Citizenship and the Community
Chinua Achebe’s “Things Fall Apart” is the story of Okonkwo, a man adamant in retaining his own culture, and doing everything he can to oppose change, including murder. Okonkwo is the protagonist in the story. He is the typical African leader, who has shown his bravery and courage in war, and who owns substantial wealth. He is well known and respected within his community, and in the surrounding villages. In an attempt to differentiate and distinguish himself from his father, who was a weak and not very wise man, Okonkwo develops a macho attitude. He does things that are contrary to his culture, and he rejects the advice of the wise men in the village. Because of his stubborn nature, Okonkwo refuses to accept the changes that are happening to his community once the white man arrives, and this contributes to his shameful end through suicide. These changes include the establishment of a government according to white man’s standards, and the introduction of Christianity and education, changes that contribute to the problems that the community is facing.
The community in Umuofia faces the challenges and struggles of maintaining and upholding their traditions, while at the same time accepting the changes that the white man brings to the land. This is the greatest challenge facing the community, and it is especially hard for those who do not have an open mind, and who are not ready to accept the changes. When the missionaries build a church on cursed land in the evil forest, the community expects trouble to befall them, but when nothing happens they begin to wonder about the magic of the white man. They perceive that the white man’s ways are to some extent better than their own ways, and that the white man’s spirit or magic is more powerful than theirs are. This conviction compels some of them to convert to Christianity. The people have accepted Christianity, which advocates serving God and Jesus, yet they cannot stop the practice of revering their ancestral spirits. Some of them struggle to practice their new Christian lifestyle while at the same time hold their age-old traditions.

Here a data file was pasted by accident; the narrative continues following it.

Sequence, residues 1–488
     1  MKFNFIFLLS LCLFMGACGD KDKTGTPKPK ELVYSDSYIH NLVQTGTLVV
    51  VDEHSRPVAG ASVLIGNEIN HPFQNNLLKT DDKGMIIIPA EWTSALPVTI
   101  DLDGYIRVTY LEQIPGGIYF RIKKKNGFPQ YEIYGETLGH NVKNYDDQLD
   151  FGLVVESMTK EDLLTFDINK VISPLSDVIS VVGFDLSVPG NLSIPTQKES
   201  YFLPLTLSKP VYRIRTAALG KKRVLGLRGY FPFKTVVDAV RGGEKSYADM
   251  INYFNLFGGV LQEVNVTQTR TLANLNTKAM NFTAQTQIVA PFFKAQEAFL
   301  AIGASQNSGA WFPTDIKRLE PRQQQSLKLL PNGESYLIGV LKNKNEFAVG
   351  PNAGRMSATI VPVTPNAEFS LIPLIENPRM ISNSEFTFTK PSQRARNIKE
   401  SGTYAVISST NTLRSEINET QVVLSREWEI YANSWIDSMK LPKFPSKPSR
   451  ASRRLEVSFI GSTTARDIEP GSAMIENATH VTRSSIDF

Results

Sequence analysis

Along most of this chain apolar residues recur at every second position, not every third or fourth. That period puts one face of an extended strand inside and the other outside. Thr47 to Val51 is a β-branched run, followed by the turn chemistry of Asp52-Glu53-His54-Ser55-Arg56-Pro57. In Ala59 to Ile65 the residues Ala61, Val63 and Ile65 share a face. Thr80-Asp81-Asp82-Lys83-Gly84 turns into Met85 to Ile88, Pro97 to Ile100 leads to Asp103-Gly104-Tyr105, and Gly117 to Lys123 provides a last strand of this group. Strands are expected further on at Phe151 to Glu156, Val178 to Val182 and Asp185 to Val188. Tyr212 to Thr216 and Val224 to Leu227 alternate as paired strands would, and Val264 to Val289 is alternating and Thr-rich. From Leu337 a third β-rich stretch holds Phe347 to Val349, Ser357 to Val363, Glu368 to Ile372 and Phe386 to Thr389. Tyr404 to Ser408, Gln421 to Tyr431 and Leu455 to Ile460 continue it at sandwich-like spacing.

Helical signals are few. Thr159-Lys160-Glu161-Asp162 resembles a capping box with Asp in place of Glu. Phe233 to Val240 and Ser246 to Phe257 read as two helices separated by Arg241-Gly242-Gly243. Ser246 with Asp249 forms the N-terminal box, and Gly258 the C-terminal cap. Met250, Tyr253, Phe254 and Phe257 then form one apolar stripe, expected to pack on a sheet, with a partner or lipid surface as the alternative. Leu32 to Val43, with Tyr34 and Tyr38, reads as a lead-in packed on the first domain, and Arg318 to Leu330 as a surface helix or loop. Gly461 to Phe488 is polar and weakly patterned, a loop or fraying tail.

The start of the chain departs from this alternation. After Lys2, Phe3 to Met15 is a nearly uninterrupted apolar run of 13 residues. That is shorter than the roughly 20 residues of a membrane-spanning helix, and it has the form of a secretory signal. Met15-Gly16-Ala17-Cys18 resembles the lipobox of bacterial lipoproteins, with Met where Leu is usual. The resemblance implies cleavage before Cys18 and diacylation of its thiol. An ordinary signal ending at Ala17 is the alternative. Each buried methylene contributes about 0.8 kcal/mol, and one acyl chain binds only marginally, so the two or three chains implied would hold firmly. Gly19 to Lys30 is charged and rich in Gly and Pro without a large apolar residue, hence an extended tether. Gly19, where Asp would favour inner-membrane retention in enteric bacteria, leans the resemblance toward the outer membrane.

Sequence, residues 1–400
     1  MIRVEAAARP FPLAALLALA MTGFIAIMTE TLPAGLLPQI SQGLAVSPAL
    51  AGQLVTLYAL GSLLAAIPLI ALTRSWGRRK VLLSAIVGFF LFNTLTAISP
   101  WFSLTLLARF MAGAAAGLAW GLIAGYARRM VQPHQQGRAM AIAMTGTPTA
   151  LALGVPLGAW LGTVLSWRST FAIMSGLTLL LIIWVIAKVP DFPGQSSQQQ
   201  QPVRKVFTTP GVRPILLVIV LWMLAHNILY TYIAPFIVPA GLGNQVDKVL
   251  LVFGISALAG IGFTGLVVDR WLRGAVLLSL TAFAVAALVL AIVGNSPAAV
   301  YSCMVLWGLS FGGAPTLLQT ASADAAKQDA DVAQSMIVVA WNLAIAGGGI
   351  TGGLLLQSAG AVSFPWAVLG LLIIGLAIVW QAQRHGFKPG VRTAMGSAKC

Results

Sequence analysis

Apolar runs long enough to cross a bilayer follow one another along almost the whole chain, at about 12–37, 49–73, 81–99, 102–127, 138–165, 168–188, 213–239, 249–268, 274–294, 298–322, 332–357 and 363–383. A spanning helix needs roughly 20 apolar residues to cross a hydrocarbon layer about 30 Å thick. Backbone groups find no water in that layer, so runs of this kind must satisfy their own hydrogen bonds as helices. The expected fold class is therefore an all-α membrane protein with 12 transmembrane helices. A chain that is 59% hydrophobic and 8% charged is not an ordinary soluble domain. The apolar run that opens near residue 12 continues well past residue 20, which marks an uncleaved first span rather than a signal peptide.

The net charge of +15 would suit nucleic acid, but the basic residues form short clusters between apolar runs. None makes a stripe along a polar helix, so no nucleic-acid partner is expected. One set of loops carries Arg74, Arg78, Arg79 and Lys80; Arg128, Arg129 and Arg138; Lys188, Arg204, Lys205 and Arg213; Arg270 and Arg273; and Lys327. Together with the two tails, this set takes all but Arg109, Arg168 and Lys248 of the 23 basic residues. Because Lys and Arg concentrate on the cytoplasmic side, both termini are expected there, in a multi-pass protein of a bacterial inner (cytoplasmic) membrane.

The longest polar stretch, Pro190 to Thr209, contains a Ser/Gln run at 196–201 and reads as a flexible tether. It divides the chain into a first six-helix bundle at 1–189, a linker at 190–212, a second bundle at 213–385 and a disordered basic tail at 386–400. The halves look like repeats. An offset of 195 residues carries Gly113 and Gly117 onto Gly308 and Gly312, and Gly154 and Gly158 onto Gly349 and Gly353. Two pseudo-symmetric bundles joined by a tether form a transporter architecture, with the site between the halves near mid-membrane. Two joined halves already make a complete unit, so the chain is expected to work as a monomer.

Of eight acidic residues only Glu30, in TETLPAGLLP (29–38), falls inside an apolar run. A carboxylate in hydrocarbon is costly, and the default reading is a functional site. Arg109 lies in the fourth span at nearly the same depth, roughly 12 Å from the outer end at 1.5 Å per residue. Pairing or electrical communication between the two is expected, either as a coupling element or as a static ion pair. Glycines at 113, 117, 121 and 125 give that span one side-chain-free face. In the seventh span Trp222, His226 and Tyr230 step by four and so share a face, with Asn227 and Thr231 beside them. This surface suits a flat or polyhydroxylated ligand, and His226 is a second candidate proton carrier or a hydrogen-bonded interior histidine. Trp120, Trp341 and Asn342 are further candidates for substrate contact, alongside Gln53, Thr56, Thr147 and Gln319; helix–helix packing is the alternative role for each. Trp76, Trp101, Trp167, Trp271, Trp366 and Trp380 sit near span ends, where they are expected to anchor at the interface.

The white man has also brought changes that have affected the governing system in Umuofia and other villages. While the missionaries are responsible for the introduction of Christianity to the people, the colonizers are largely responsible for the changes in government. Both groups have ensured the spread of education in the land. This education has changed the people’s perception of their traditions. Those who have been educated have neglected their own traditions and customs, and they have accepted the introduced changes. The system has introduced new rules of governance, which include the courts, as opposed to the council of elders, and the prison, which is opposed to traditional punishment such as fines. People like Okonkwo struggle with these changes. Okonkwo does not understand why the people have to accept these changes so quickly. He does not understand why the white man brings in his own rules, yet he is the foreigner in the land.